|SEMPO State of Search Engine Marketing Report Results Released for 2010
|Thursday, March 25, 2010
Results from the annual SEMPO State of Search Engine Marketing Report have been released and suggest that the industry will grow from $14.6 Billion in 2009 to $16.6 Billion in 2010. The report, which is based on a global online survey of nearly 1,500 client-side marketers and agency respondents conducted by Econsultancy, estimates that the North American search engine marketing industry will grow 14% this year from $14.6 billion in 2009 to $16.6 billion by the end of 2010. A total of 1,472 respondents took part in the survey, including 527 advertisers and 944 supply-side respondents carrying out search engine marketing on behalf of clients.
The market has grown by roughly four times since 2004.
The largest hurdle facing marketers? The study suggests that measuring the return on investment (ROI) is the biggest challenge facing marketers this year in all three key search tactics covered in the survey -- search engine optimization, paid search, and social media marketing. Other key findings include:
- Around half of companies (49%) are reallocating budgets to search engine marketing from print advertising.
- More than a third (36%) are shifting money away from direct mail
- Almost a quarter are moving budgets from conferences and exhibitions (24%) and web display advertising
- The rise of social media marketing budgets, although still modest compared to search engine optimization and paid search, represents the biggest opportunity for search marketers this year.
- More than half of advertisers (56%) and agencies (62%) say that Google keywords have become more expensive over the last year.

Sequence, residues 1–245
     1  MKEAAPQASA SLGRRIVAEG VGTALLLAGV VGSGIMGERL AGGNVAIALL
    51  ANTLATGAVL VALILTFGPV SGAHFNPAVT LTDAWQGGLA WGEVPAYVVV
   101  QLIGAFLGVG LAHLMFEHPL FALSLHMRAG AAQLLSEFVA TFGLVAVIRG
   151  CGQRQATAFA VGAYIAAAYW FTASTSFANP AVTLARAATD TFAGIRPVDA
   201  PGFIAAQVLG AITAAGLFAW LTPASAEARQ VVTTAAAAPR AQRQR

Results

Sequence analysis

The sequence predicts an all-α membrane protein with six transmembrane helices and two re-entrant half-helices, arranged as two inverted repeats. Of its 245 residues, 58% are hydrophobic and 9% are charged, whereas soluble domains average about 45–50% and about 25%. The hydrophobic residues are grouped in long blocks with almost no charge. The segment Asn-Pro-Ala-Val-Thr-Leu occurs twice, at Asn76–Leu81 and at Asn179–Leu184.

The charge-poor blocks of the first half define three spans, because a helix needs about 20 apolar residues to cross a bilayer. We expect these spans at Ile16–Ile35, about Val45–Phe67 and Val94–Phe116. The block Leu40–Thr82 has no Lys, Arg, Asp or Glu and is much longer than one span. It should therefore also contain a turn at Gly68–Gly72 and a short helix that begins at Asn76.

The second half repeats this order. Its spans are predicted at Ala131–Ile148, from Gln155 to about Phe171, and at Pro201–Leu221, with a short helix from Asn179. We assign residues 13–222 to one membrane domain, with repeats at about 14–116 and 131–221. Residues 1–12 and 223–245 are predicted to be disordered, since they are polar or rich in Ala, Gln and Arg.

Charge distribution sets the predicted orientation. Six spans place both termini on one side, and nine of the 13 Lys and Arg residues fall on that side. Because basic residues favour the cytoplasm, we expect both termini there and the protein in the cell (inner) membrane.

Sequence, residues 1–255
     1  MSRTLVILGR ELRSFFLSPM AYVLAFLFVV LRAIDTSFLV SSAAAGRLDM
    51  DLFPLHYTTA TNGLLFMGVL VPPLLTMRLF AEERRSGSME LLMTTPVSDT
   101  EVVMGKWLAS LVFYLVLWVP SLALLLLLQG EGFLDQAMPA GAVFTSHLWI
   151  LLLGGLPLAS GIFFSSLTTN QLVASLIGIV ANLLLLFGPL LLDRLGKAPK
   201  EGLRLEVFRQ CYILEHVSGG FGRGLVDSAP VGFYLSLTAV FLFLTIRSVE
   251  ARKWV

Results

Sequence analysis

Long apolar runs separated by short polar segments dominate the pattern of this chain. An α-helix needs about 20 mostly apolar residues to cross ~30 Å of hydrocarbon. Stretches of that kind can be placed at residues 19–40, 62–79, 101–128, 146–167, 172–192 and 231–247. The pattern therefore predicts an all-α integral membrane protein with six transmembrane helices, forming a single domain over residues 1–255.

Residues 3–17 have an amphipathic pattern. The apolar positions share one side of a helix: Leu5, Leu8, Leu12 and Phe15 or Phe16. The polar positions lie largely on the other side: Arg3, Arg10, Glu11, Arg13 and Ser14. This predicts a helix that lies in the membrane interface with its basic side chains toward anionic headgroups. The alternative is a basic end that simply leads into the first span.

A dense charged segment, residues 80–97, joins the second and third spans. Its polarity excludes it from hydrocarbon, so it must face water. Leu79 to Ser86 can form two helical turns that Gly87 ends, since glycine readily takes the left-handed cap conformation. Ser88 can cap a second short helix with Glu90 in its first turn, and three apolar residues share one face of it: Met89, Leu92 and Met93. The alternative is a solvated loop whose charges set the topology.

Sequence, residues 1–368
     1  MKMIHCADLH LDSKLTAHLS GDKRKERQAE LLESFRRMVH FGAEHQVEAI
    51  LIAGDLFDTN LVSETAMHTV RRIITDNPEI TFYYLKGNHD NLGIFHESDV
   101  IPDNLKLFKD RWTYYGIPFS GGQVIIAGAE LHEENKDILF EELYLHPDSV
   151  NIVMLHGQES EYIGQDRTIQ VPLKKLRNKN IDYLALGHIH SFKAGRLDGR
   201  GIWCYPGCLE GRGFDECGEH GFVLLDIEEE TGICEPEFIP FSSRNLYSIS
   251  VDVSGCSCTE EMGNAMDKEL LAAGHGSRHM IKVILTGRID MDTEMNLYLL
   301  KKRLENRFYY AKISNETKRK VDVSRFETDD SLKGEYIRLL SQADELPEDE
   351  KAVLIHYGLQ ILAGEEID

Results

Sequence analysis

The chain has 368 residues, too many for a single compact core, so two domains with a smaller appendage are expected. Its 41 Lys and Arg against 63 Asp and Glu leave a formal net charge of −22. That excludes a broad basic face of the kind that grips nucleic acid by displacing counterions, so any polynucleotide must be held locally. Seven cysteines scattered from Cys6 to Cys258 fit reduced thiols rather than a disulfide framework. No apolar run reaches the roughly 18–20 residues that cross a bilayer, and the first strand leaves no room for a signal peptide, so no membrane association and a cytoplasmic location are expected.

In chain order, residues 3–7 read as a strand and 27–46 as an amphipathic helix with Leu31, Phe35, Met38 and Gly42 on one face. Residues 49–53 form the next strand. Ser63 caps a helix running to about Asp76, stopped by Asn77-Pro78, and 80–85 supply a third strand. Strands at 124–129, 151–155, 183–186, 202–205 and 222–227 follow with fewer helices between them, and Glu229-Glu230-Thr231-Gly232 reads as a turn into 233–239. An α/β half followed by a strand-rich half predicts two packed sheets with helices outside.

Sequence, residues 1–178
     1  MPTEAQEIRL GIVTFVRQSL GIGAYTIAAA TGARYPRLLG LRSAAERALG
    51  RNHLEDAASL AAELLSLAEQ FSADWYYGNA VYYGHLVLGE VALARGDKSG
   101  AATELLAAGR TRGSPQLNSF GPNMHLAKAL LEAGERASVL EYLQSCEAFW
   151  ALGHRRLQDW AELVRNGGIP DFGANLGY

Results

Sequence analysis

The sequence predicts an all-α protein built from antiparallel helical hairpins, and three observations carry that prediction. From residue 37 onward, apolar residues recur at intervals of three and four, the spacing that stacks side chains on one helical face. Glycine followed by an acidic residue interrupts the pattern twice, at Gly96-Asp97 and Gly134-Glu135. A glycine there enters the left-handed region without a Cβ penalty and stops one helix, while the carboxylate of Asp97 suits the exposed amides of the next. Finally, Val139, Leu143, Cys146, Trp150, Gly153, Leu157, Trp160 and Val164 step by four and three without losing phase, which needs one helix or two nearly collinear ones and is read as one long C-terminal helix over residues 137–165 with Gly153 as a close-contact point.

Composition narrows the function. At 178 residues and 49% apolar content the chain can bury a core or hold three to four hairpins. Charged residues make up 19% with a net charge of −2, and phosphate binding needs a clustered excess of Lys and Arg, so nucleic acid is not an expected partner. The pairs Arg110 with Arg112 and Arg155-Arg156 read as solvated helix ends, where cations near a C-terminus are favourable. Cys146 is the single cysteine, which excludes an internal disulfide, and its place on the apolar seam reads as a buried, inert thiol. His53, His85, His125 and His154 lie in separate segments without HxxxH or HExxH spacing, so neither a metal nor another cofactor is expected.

- About a third of advertisers noted an increase in Yahoo (32%) and Bing (29%) keyword costs.
- 97% of the responding companies are paying to advertise on Google AdWords.
- In comparison, half of responding companies (50%) use Yahoo! Search. This percentage has dropped from 68% in 2009 and 86% in 2008.
- The proportion of advertisers who say they use Microsoft‟s Bing search engine stands at 44%,
compared to 54% who said they used Microsoft Live (MSN) search in 2009.
- Three quarters of respondent companies are using Facebook (74%) and Twitter (73%) to promote their brands or companies.
According to the official press release,
Marc Engelsman, SEMPO Research Committee, said, “While measuring ROI seems to be an obvious reflection of today’s economic environment, it is important to note as it will likely continue to drive budget decisions. This bodes well for the continued growth of the search industry as evidenced by the projected increased investment in search tactics.”
SEO vs PPC: Where are Advertisers Putting their Dollars?
There were some interesting trends reported from the SEMPO study with regards to SEO vs. paid search.
It was interesting to note that for SEO, 42% of respondents say ROI measurement is one of their three biggest challenges, while 43% cite this problem for paid search. So for companies, where is the budget coming from for SEO and paid search increases?
- On average, companies expect to spend 43% more on SEO in 2010 than they did in 2009 (44% specifically for North America)
- More than half of companies (52%) expect to spend more on SEO in 2010 than in 2009, and this
compares to only 9% who expect to spend less. Some 39% of respondents say they will spend
about the same.
- On average, companies expect to spend 37% more on paid search in 2010 than they did in 2009
(38% for North America).
- Half of companies (50%) surveyed expect to spend more on paid search in 2010 compared to
- 16% of respondants say they will spend less on paid search.
Furthermore,increases in search marketing budget is coming from various marketing and I.T. programs as seen here:
and on the paid side of things, budget is coming from the following areas:
The 111 page PDF report can be accessed via SEMPO members by clicking here. Last year's full report can be found here.
Labels: SEMPO, SEMPO State of Search Engine Marketing Report
|posted by Jody @ Thursday, March 25, 2010